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The predictive value of small versus diminutive adenomas for subsequent advanced neoplasia.
Gastrointest Endosc. 2020 03; 91(3):614-621.e6.GE

Abstract

BACKGROUND AND AIMS

Patients with previous colorectal adenomas are at increased risk of colorectal cancer. Current guidelines for postpolypectomy surveillance intervals treat all tubular adenomas 1 to 9 mm in size with low-grade dysplasia as carrying the same level of risk. We evaluated whether 6 to 9 mm adenomas detected at colonoscopy are associated with greater risk of advanced neoplasia at follow-up compared with baseline 1 to 5 mm adenomas.

METHODS

We retrospectively evaluated a colonoscopy database at a single U.S. academic center. Patients with baseline examinations demonstrating tubular adenomas 1 to 9 mm in size with low-grade dysplasia and no advanced adenomas were included. Follow-up colonoscopies were performed at least 200 days later and were assessed for incident advanced neoplasia (cancer, high-grade dysplasia, adenoma ≥10 mm in size, or villous elements).

RESULTS

There were 2477 qualifying baseline colonoscopies. The absolute risk of metachronous advanced neoplasia increased from 3.6% in patients with 1 to 5 mm adenomas to 6.9% in patients with at least 1 adenoma of 6 to 9 mm (P = .001). Patients with 5 or more adenomas 1 of which was at least 6 to 9 mm had the highest risk of advanced neoplasia at follow-up (10.4%, P = .006). When only screening colonoscopies were considered, all baseline groups (1-2 adenomas, 3-4 adenomas, ≥5 adenomas) with adenomas 6 to 9 mm in size had an increased risk for metachronous advanced neoplasia (odds ratio [OR], 4.07; 95% confidence interval [CI], 1.50-11.04; OR, 4.91; 95% CI, 1.44-16.75; OR, 4.71; 95% CI, 1.30-17.05, respectively).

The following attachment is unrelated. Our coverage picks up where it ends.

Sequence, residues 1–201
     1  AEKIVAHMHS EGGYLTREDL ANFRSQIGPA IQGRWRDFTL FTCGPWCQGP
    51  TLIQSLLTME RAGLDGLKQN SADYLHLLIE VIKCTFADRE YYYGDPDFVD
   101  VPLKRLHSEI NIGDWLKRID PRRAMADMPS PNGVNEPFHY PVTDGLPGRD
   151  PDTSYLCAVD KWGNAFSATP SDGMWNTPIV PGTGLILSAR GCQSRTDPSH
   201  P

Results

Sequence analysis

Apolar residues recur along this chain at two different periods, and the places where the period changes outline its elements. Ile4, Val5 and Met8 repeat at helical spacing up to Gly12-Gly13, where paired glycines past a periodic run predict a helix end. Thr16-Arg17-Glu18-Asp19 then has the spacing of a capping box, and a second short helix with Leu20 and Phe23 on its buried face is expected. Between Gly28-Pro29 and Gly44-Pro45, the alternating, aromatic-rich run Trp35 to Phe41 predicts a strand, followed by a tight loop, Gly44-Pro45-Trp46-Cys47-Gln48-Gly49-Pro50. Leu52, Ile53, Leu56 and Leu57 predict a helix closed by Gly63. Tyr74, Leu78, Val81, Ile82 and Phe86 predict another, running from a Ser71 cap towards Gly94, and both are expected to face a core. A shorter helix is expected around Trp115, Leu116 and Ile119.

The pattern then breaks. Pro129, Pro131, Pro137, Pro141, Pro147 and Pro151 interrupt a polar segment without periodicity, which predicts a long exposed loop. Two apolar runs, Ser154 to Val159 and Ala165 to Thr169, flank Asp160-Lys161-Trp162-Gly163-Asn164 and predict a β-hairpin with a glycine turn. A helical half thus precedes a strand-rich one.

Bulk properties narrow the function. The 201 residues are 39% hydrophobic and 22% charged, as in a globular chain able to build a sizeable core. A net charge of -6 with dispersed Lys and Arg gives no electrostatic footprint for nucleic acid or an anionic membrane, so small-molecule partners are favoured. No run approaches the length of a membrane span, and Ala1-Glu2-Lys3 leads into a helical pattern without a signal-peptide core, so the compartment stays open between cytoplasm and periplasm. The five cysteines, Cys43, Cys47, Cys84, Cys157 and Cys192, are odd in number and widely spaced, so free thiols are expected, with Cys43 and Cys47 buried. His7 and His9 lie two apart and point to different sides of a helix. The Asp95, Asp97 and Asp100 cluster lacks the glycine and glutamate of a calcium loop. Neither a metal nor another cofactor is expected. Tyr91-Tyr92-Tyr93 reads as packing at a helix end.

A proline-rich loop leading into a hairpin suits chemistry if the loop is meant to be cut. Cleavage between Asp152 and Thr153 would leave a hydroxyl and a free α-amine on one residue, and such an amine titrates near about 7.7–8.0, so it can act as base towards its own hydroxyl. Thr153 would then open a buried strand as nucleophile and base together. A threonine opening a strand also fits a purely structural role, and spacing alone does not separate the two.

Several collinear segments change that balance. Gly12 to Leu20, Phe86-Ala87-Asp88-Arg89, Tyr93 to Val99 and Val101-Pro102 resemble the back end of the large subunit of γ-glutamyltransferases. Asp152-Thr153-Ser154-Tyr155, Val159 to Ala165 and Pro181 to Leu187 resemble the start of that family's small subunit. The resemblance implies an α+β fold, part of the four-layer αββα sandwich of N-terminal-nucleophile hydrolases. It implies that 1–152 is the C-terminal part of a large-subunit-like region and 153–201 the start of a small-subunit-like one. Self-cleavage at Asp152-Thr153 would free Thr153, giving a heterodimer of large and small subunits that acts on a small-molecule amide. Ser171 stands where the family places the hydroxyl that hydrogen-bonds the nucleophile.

CONCLUSIONS

Patients with baseline small (6-9 mm) adenomas have an increased risk of advanced lesions on follow-up compared with patients with only diminutive (1-5 mm) adenomas. Postpolypectomy guidelines should consider risk stratification based on small versus diminutive adenomas.

Authors+Show Affiliations

Division of Gastroenterology/Hepatology, Department of Medicine, Indiana University School of Medicine, Indianapolis, Indiana, USA.Division of Gastroenterology/Hepatology, Department of Medicine, Indiana University School of Medicine, Indianapolis, Indiana, USA.Division of Gastroenterology/Hepatology, Department of Medicine, Indiana University School of Medicine, Indianapolis, Indiana, USA.

Pub Type(s)

Comparative Study
Journal Article

Language

eng

PubMed ID

31525360

Citation

Hartstein, Joseph D., et al. "The Predictive Value of Small Versus Diminutive Adenomas for Subsequent Advanced Neoplasia." Gastrointestinal Endoscopy, vol. 91, no. 3, 2020, pp. 614-621.e6.
Hartstein JD, Vemulapalli KC, Rex DK. The predictive value of small versus diminutive adenomas for subsequent advanced neoplasia. Gastrointest Endosc. 2020;91(3):614-621.e6.